The Martin Scorsese-Leonardo DiCaprio psychological thriller "Shutter Island," which opens this weekend, may have the look and budget of a splashy Hollywood production.
But the Paramount release, written by frequent James Cameron collaborator Laeta Kalogridis, began life as part of an initiative from production company Phoenix Pictures in which prominent writers are paid a comparatively low fee (the Writers Guild minimum, actually) to work on their passion projects.
It's a program that testifies both to Phoenix's risk-taking and the mindset of big-name writers willing to take less money to work on something they like -- and that they can develop without pesky studio intervention (at least until the studio buys it). "It's a very smart way of giving the writer a certain amount of artistic creative license, because you are in essence writing on spec with only the input of the producers," Kalogridis says. (If the film gets made, the writer gets his or her standard quote plus a bonus.)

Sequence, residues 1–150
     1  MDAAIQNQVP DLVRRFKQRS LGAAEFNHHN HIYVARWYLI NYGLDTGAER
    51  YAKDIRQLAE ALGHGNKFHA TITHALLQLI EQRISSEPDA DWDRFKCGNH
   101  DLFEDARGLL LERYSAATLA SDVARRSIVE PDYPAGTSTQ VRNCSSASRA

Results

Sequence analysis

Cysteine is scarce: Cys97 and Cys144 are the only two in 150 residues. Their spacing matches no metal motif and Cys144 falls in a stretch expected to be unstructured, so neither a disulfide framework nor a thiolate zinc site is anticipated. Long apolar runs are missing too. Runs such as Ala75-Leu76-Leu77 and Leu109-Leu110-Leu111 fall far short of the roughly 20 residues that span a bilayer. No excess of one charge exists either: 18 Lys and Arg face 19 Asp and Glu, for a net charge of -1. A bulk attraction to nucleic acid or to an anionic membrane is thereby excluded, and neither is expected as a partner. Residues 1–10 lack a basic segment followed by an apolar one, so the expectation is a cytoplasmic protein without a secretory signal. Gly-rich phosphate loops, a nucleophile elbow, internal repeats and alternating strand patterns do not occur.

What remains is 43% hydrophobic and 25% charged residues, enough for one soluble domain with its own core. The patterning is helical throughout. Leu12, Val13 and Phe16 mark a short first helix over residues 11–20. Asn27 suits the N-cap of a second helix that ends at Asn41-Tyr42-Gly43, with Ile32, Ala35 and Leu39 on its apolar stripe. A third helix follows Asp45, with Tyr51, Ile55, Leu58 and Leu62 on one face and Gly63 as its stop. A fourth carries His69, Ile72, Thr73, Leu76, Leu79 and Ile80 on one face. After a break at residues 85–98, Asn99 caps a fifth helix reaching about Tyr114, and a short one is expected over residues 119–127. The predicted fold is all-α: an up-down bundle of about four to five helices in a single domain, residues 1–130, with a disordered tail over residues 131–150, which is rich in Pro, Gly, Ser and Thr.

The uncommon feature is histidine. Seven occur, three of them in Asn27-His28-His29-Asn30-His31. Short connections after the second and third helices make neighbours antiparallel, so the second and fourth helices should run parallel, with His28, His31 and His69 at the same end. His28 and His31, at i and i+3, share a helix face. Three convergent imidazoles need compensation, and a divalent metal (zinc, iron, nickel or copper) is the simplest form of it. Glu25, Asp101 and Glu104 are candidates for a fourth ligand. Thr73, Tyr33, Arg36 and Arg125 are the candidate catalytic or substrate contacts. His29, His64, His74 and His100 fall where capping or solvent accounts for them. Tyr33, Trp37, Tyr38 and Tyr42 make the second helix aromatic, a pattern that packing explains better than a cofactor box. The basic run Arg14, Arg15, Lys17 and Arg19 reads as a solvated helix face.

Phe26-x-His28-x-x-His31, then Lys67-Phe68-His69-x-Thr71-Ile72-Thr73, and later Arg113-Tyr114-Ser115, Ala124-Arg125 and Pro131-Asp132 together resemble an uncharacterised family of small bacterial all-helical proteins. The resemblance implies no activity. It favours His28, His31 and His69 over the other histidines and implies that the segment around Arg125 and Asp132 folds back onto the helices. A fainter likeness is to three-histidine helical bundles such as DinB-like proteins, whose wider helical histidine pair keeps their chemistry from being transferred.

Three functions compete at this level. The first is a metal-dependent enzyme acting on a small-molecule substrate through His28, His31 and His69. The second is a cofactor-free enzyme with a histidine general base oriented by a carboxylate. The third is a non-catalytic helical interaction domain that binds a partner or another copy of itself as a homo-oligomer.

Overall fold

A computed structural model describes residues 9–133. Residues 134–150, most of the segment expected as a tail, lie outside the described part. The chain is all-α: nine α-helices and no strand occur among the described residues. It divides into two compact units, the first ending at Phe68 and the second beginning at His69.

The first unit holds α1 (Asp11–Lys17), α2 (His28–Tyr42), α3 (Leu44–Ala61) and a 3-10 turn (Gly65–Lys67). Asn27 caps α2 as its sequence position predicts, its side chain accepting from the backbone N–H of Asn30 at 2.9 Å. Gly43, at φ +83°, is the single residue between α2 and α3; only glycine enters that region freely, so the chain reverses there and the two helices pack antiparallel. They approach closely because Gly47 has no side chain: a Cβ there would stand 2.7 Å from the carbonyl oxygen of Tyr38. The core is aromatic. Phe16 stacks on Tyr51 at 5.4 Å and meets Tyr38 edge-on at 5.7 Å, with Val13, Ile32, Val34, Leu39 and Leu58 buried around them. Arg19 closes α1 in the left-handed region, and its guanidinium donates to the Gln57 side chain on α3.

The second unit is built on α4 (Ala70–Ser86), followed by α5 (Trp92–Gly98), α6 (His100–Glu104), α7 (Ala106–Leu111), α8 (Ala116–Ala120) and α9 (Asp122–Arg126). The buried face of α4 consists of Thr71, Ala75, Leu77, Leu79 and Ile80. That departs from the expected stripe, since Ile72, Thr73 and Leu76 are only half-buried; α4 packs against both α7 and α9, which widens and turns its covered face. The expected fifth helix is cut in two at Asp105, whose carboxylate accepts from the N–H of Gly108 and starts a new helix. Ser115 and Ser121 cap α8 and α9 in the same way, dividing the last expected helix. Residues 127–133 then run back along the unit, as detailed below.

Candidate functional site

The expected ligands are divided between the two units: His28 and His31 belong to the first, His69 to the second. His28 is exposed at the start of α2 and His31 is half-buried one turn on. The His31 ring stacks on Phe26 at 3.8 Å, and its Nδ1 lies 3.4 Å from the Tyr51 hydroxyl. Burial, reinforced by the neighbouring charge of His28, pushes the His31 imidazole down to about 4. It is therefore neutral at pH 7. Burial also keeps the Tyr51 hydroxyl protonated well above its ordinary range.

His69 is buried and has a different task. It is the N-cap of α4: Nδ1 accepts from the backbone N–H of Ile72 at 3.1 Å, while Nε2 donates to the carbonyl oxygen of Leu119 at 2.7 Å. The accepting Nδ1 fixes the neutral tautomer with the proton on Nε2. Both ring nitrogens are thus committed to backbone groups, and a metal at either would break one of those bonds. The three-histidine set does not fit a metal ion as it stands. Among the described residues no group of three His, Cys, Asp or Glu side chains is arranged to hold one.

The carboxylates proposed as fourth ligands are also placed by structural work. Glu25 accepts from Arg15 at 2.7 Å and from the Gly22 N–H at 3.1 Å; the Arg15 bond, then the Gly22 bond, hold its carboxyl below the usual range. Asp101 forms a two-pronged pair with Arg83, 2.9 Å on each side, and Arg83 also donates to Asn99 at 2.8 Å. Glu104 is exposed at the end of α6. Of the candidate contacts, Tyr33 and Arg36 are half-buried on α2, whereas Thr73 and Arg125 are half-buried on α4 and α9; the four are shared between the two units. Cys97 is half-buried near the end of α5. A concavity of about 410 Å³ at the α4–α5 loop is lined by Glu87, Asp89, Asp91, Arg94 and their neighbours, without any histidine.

After enlisting the writer and developing the script, Phoenix hires the director and draws up a budget and only then approaches a studio with the option to make the film. "We say, ‘Tell us whether you want to make it,' " says Medavoy. "As opposed to getting into an endless process with 20 opinions and getting endless notes. That's what we're trying to minimize."